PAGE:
4.1 Vector meson decay in the photon mixing scenario

The kinetic mixing in Eq. (3.15) introduces a coupling between the SM and dark quarks, which makes after redefining gauge bosons by shifting away the kinetic mixing. The mixing angle is written as Blinov:2017dtk ()

(4.25)

and is the weak mixing angle.

Figure 6: Comparisons between detector size and BBN bounds on the lifetime. We consider a TeV search of exotic decay into MET, and has a displaced decay into . The BBN bounds (red and yellow curves) favor the upper left region of the parameter space, which allows quick decays to suppress density. The green (gray) shaded region corresponds to the parameter space of having probability for to decay inside the LHCb VELO (ATLAS/CMS inner detector), with the approximated detector geometries assumed in the beginning of Sec. 4. The decay probability takes into account the boost factor and angular distribution of obtained from MadGraph5 simulations. Two blue curves and  m roughly correspond to the distance from the primary vertex to the ECAL and muon chamber in ATLAS/CMS. We show contours of BR assuming dark photon coupling .

The mixing turns on the decay , and we show the decay branching ratio in black curves of Fig. 6 by assuming dark quarks coupling to dark photon with . Once dark quarks are produced, they form dark hadron final states including through the dark hadronization process. Since is much longer-lived, the event contains missing energy plus a displaced decay of into SM fermions. The kinetic mixing gives an branching ratio to decay into muons, and the displaced muon signals that generate tracks inside the LHCb VELO or ATLAS/CMS tracker give clean LLP signatures.

In Fig. 6, we show two examples of the dark meson spectrum and mark the mass and coupling that make decay inside the VELO or tracker detectors. The green (gray) shaded region correspond to having probability for to decay in the pre- or post-module LHCb search region (tracker search region). These decay regions should be compared to the parameter space above the pink (yellow) curve that satisfies the BBN constraints if decays hadronically (leptonically). For the parameters used in the left panel, where the dark hadron mass gap is small compared to their masses, the cosmological arguments are less restrictive, and the decay length can be comparable to the size of muon spectrometer in ATLAS/CMS (- m). For the benchmark shown in the right panel, the BBN bound requires  cm, and most of the decays show up in the VELO and other inner detectors.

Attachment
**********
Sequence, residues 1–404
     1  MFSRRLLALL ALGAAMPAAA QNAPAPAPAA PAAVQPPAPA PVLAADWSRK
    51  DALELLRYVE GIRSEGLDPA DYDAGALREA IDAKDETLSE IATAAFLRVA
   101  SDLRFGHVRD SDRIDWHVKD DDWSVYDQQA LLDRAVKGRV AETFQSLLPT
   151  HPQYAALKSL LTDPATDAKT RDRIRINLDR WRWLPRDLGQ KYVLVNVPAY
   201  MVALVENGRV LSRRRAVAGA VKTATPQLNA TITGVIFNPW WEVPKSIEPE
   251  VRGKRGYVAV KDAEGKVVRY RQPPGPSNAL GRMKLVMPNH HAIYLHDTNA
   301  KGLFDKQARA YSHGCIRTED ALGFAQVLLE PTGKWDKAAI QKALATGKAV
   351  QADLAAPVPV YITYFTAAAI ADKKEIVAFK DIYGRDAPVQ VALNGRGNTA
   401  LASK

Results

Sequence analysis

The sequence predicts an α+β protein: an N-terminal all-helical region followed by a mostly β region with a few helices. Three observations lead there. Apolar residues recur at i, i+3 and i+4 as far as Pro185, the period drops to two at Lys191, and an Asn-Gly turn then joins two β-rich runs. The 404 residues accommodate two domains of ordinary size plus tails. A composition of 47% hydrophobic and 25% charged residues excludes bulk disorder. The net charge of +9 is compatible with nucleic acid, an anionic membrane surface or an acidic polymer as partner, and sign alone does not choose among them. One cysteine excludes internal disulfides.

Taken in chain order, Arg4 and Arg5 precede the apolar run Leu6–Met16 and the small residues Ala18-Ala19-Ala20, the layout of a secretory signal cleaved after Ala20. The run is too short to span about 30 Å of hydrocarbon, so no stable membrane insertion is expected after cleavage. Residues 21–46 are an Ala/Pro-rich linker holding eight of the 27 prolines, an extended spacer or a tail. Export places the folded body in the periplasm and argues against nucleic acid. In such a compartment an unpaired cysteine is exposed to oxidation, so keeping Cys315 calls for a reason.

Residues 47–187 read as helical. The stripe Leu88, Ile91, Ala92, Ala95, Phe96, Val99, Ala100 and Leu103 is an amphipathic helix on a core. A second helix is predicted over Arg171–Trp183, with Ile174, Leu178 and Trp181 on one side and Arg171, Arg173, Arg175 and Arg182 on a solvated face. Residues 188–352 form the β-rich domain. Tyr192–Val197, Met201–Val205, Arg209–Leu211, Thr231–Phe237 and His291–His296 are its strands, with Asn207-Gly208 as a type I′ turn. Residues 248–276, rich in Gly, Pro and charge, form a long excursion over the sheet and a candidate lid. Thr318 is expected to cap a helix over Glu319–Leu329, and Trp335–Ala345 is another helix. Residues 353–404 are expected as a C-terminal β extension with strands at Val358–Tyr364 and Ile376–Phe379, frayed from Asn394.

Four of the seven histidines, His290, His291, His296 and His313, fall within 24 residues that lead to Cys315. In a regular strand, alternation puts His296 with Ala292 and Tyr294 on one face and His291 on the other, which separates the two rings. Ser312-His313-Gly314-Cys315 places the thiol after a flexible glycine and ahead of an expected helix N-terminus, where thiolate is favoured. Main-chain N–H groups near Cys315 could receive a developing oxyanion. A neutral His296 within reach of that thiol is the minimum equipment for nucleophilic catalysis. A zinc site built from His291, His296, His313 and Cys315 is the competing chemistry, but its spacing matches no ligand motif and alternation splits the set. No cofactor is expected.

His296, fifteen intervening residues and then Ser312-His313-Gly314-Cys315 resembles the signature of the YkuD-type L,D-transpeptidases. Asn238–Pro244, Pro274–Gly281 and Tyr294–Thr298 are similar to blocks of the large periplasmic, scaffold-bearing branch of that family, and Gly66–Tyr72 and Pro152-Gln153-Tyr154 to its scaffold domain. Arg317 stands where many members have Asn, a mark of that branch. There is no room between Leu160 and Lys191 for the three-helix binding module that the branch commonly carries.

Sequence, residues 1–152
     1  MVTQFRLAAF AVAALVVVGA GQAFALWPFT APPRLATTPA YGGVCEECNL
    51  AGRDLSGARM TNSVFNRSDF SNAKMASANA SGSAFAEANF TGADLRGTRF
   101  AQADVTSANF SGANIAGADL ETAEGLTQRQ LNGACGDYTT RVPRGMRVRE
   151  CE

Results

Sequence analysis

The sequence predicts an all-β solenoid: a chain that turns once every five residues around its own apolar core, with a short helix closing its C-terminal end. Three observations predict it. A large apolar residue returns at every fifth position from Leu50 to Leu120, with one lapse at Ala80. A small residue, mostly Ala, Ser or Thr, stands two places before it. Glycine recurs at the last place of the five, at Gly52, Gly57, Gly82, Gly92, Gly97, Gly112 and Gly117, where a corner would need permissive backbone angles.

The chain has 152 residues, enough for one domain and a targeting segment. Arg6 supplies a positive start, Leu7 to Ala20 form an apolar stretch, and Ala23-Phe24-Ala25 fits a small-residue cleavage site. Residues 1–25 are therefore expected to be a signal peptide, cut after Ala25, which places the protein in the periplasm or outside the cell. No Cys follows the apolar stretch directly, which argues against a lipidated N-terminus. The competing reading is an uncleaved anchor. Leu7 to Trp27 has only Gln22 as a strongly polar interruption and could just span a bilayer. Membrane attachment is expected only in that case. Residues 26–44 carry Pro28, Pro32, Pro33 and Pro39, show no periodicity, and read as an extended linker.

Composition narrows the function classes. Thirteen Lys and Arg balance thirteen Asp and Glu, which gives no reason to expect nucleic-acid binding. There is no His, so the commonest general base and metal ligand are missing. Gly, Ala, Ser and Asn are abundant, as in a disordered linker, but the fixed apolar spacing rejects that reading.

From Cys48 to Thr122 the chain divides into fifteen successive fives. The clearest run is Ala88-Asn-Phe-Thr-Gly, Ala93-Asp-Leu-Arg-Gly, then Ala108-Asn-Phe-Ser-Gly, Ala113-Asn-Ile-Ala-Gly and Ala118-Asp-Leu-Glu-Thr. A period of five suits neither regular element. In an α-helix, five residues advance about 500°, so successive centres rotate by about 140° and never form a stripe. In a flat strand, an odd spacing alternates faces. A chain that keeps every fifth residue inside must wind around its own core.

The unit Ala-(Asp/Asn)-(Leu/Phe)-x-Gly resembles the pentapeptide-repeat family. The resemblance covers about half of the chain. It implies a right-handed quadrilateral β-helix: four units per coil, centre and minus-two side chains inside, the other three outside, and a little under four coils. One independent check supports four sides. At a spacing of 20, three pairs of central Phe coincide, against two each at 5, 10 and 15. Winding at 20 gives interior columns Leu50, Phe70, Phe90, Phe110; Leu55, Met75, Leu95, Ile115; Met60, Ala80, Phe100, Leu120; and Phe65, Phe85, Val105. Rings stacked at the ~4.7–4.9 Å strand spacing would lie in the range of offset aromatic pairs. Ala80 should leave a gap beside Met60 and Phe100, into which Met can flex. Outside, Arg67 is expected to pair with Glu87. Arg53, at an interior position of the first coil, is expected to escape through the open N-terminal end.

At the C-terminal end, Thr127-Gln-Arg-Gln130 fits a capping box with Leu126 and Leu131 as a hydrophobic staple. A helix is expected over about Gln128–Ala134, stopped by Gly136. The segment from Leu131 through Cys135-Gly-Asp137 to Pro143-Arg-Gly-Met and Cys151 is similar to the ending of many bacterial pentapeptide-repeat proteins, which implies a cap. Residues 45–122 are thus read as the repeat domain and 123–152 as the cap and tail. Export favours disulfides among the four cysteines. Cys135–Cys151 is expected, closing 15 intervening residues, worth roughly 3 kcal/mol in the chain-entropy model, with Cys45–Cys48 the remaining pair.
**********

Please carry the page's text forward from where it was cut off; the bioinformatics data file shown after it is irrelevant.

Since has a good chance to decay inside the LHCb VELO, we can estimate the size of BR that can be probed in the near future. LHCb is going to produce ’s with fb of data Zakharchuk:2308473 (). After taking into account the decay probability for the VELO detector (green region) and reconstruction efficiency of a displaced muon pair Ilten:2016tkc () times an additional branching ratio of , we can cover the branching ratio down to from the LHCb search. The estimate assumes this decay to always produce an in the final state, and there are backgrounds per mass bin in the search. This branching ratio region does exist in the upper left corner of the plots in Fig. 6, which satisfies the BBN constraint with a GeV scale - splitting and have inside the VELO search region. For a given mass, the BBN constraint also sets a lower bound on that is complementary to the collider bound for a larger mixing.